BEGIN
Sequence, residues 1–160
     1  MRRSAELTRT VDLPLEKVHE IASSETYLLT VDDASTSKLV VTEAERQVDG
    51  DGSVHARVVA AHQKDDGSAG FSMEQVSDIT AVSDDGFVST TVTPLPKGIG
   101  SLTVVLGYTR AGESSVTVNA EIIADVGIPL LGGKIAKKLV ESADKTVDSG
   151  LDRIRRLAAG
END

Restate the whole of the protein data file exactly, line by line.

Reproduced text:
Sequence, residues 1–160
     1  MRRSAELTRT VDLPLEKVHE IASSETYLLT VDDASTSKLV VTEAERQVDG
    51  DGSVHARVVA AHQKDDGSAG FSMEQVSDIT AVSDDGFVST TVTPLPKGIG
   101  SLTVVLGYTR AGESSVTVNA EIIADVGIPL LGGKIAKKLV ESADKTVDSG
   151  LDRIRRLAAG